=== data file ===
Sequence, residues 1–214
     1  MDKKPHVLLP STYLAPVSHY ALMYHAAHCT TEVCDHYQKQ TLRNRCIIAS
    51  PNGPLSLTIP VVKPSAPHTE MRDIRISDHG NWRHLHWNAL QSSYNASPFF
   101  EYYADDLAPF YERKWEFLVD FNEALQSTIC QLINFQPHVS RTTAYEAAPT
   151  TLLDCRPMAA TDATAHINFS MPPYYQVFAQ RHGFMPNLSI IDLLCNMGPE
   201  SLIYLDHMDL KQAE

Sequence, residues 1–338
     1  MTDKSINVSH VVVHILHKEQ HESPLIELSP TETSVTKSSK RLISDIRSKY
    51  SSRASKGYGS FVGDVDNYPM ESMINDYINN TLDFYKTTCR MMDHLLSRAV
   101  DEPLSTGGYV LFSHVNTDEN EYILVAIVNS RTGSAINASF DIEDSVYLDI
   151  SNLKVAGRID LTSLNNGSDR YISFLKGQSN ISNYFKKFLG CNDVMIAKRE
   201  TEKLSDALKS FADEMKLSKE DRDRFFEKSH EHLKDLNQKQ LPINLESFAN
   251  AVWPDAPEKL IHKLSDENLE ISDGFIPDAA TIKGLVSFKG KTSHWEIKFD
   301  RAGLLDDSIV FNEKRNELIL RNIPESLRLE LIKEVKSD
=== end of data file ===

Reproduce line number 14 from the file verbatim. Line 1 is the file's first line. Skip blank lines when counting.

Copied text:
   301  RAGLLDDSIV FNEKRNELIL RNIPESLRLE LIKEVKSD